It’s time to start a new series, and this one is a fun one. All the Google Tools that teachers can use have a base level of features. In Docs, you can write. In Sheets, you can analyze data, and in Slides, you can create presentations. All of those are valid in a classroom, but if you can add other functions you can grow your toolbox. Let’s start with Docs.
This is a fun series. All the Google Tools that teachers can use have a base level of features. In Docs, you can write. In Sheets, you can analyze data, and in Slides, you can create presentations. All those are valid in a classroom, but you can grow your toolbox by adding other functions. Let’s start with Docs.
The beauty of Google docs is that it has three things built directly into it that make building learning experiences easier. You can now do most of those in Microsoft too, but because they are more upgrades than original features, they can feel like items that are a bit less intuitive. Those three features are easy sharing, easy, feedback, and search built directly into Google Docs.
Those three features become the basis for the alternative use of docs: Hyperdocs. What is a HyperDoc? It’s an interactive document that can become the basis and process for almost any creative project.
When you start a doc, you just need to look at it from an organizational state. If you use tables, you can organize them into the standard process categories such as Brainstorming, Research, Creation, Feedback. That process can contain as many steps as you want, or it can be based on an existing process like the STEM design process.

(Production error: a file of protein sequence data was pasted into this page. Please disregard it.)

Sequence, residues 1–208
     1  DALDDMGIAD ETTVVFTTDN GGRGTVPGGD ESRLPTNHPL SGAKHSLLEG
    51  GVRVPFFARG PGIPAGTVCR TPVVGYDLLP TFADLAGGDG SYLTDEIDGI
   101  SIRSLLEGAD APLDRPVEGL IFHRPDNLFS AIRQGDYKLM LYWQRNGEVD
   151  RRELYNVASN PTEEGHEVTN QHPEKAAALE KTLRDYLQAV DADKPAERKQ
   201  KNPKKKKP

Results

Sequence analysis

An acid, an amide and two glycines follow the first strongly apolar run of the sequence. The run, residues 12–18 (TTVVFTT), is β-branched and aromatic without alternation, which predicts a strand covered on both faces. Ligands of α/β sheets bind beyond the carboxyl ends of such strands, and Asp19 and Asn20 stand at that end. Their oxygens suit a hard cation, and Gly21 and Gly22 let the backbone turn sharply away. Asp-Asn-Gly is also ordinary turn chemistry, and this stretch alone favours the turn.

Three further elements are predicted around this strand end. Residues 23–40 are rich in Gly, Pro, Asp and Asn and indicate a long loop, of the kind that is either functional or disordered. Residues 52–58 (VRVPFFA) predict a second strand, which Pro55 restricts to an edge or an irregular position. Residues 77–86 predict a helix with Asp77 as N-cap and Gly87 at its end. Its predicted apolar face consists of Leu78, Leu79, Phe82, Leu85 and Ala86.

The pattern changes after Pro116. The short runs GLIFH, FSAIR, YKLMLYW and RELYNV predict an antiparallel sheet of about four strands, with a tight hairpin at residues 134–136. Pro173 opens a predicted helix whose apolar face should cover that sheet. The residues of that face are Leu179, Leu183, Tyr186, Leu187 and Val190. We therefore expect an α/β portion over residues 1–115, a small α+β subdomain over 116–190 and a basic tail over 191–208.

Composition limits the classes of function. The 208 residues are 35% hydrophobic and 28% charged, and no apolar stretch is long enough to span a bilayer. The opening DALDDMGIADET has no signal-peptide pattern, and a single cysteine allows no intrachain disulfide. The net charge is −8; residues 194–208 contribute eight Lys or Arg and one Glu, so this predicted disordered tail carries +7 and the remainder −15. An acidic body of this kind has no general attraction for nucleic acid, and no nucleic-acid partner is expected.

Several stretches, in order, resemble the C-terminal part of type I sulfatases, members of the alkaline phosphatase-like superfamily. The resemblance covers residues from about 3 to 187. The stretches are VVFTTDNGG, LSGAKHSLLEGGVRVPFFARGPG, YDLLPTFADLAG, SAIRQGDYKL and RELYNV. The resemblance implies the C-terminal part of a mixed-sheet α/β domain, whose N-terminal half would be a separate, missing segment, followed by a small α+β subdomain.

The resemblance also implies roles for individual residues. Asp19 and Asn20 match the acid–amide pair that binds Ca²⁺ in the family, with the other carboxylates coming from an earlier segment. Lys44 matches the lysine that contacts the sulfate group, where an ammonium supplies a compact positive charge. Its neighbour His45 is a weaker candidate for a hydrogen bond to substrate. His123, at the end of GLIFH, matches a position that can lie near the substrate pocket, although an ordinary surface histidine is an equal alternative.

Once you have that organization, you can color-code those tables to have content that students need, content where they need to respond under another, and any other needs. You can add images, text, and whatever you want to those tables. That’s where the beauty of search comes in: it allows you to add those pictures straight from the search tool in the doc.
Sharing and Feedback also makes Hyperdocs more viable. If students are using them to plan creative projects, you want to share with other group members quickly, and you want to be able to share with the teacher. That quick sharing makes collaboration viable, but it also makes feedback quick. Teachers can provide that feedback as students are working through the doc, and you can even easily share for peer feedback. It becomes an additional benefit of the learning.
That easy share also means that teachers can easily share these with other teachers. You can just go to https://hyperdocs.co/ to get a great look.